High tech helps during disaster

Feb 20, 2003, vol. 26, no. 4
By Marianne Meadahl



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Global disaster communication has vastly improved since the introduction of the United Nations first internet email gateway 10 years ago.

No one knows that better than its creator, SFU communication professor Peter Anderson (left), who developed the service in the early 90s for the UN's international decade for disaster reduction, which wound down last month.

Anderson continues to play a major role in laying new directions for disaster management by pushing the envelope of advanced high-tech possibilities. His track record speaks for itself.

“For the past 10 years, SFU has played a major role in assisting with communications for every major natural disaster that the UN has been called on to assist,” says Anderson. The system he helped put in place distributed thousands of disaster situation reports and appeals for global assistance on all natural disasters, including cyclones, floods or earthquakes.

These days with automated mailing lists, the process has become simple.

“In the beginning, what we were doing was considered very revolutionary. It was the first instance of the UN using the internet for humanitarian relief activities.”

In the 1980s Anderson created the emergency preparedness information exchange (EPIX) a PC based bulletin board system, and used it as a model to develop a national disaster information network for Australia. In 1992, he returned to SFU and began looking at using the internet as an alternative to dialing up.

“I knew that if people could find a way onto the internet, we could help provide a starting point for connecting those who had knowledge about hazards and their properties with those who had to deal with the human and environmental consequences of their occurrences,” he says. “It just grew and this early internet work became a major focus worldwide. It's been an amazing journey. No one could have predicted back then how things would progress.

“We developed and hosted servers for numerous organizations including the UN and federal and provincial governments, but as organizations obtained their own resources they began to develop their own servers,” says Anderson, noting the university's role in posting key federal government information on such disasters as the Manitoba floods in 1997, and provincially, the Salmon Arm fires the following year. SFU also provided a backup server for California during the Los Angeles earthquake in 1994.”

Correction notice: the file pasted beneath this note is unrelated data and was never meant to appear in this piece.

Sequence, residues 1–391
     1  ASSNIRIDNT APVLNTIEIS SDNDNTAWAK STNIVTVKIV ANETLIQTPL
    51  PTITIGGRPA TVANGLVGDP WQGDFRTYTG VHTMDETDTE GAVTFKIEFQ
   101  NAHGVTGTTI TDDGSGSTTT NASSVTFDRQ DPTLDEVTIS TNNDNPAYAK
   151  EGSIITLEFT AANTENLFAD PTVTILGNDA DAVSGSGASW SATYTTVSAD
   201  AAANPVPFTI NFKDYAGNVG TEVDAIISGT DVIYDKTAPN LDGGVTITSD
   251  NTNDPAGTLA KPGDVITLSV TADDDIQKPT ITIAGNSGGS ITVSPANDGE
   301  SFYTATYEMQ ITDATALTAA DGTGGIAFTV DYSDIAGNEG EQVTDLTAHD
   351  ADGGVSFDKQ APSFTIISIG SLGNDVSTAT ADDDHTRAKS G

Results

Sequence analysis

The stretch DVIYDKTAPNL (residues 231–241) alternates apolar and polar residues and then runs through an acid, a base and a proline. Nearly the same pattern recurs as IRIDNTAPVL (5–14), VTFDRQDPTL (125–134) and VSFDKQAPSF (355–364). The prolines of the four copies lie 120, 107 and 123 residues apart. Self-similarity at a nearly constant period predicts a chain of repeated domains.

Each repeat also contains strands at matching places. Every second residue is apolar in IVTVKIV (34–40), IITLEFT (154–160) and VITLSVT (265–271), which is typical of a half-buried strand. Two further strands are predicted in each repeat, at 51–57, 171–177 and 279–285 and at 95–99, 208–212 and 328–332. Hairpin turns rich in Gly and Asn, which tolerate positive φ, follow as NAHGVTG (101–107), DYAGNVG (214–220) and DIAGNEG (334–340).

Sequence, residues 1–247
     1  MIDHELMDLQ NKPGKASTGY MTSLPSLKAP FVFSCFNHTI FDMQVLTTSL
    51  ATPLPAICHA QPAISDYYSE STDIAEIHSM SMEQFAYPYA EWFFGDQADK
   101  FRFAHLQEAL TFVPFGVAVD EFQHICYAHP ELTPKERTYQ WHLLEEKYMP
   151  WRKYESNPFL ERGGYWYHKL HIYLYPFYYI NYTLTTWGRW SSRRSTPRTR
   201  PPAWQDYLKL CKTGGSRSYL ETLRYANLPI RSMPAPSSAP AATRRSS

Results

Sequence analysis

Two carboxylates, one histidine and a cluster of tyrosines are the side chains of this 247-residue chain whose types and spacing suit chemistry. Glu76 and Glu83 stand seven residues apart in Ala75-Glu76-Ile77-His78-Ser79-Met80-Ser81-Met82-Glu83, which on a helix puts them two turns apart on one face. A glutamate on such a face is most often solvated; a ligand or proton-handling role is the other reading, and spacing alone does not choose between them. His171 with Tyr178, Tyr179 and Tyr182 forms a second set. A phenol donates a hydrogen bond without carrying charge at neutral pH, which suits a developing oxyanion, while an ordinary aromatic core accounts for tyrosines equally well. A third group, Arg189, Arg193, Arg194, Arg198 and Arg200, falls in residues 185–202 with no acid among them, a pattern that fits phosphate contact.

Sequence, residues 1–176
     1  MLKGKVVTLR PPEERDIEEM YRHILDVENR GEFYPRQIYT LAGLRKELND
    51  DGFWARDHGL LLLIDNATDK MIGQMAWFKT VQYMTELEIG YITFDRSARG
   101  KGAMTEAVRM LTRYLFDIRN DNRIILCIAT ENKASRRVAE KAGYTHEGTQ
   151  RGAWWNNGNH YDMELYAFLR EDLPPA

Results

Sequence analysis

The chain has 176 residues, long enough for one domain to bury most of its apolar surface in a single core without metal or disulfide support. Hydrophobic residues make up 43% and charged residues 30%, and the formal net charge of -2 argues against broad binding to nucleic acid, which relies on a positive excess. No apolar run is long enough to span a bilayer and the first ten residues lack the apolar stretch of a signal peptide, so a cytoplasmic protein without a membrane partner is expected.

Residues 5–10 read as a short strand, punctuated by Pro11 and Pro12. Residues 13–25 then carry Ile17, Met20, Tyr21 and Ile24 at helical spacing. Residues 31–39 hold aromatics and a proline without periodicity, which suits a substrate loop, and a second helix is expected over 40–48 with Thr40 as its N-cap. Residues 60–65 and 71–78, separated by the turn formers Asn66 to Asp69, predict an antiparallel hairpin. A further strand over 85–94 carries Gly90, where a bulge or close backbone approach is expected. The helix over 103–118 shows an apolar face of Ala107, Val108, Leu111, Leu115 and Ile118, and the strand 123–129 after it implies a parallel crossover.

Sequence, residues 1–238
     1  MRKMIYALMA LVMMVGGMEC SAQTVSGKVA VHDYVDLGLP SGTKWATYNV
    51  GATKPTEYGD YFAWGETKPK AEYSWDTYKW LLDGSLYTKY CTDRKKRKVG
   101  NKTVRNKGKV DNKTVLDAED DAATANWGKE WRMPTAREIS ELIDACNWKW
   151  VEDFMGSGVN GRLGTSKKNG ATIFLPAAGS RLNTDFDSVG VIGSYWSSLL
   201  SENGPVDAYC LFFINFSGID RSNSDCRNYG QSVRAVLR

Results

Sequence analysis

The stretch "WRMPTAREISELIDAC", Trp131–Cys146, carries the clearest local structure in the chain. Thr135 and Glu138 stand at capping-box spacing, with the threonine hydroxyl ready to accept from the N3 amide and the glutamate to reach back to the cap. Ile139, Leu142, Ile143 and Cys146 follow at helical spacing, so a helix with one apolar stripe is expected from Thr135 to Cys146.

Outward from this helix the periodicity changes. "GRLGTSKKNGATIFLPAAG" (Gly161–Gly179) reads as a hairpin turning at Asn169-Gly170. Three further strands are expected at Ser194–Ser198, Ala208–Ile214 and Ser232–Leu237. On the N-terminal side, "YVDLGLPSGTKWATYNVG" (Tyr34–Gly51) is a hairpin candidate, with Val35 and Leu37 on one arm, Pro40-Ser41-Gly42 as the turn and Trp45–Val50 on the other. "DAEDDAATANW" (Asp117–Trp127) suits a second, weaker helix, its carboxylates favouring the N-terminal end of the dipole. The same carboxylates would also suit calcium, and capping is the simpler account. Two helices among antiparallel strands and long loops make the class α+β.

We want to see others become self-sufficient and ensure they have ownership of their systems. However, we continue to provide support.” EPIX continues to be a key public internet server for many agencies, including B.C.'s provincial emergency program and many key volunteer organizations.

“Over the past decade our work has allowed us to look at a fundamental social application of the internet as it has evolved,” Anderson adds. “We're going from a point where 10 years ago few used the internet, to a situation now where the world is becoming so increasingly interdependent because of it.”

That evolution and advancement in the field has led SFU into groundbreaking involvements in such areas as advanced space exploration, and the opening of a satellite gateway facility on campus.

“There have been a lot of challenges along the way, not only with the growth of new technology but in trying to understand its impacts and placement in the social environment,” Anderson adds. “That requires an understanding of society's caring networks, and how we can have a positive impact.”

Anderson and his colleague Steve Braham are currently exploring ways to ensure access to internet-based services during emergencies from wherever the situation is unfolding.

“We're moving more into virtual emergency management and information systems, ways of enabling people to remain in communication with others regardless of their physical location and where there may be no reliable infrastructure in place,” Anderson explains. For example, he sees applications for wilderness search and rescue missions. “If search teams are linked by satellite communication there are ways of broadening and coordinating searches well beyond what is now currently possible.” Another project, real-time emergency management via satellite (REMSAT), with Telesat Canada and B.C.'s forestry and ambulance services is helping to bring real-time network services to remote incident sites throughout the province.

Anderson says the next big focus will be tests of a new satellite frequency band that he predicts will revolutionize high-speed mobile and portable networking. Canada is one of the first countries to test the technology. “We proved, in the early stages, that here was a role that a university should play,” says Anderson. “It's becoming more competitive, but 10 years later, we're still leading the way.”

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